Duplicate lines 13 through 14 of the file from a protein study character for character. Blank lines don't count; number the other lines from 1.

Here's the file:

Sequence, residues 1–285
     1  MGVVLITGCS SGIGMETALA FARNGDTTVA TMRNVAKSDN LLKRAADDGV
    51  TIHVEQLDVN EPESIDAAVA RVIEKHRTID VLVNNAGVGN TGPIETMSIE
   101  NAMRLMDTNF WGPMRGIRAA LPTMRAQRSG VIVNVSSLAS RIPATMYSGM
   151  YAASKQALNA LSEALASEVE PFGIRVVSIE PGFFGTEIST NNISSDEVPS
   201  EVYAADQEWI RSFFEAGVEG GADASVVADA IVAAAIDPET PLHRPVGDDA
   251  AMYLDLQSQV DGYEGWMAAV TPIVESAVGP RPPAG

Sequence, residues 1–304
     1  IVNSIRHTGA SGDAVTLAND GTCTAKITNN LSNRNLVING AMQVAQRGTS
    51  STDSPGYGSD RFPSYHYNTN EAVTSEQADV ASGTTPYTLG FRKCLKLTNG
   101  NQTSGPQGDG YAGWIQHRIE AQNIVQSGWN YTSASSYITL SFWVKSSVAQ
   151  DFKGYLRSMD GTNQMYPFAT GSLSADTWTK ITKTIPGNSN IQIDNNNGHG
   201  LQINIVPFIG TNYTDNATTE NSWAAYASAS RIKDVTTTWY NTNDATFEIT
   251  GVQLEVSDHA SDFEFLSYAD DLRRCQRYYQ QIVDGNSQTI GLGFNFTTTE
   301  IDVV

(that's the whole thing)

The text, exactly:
   201  LQINIVPFIG TNYTDNATTE NSWAAYASAS RIKDVTTTWY NTNDATFEIT
   251  GVQLEVSDHA SDFEFLSYAD DLRRCQRYYQ QIVDGNSQTI GLGFNFTTTE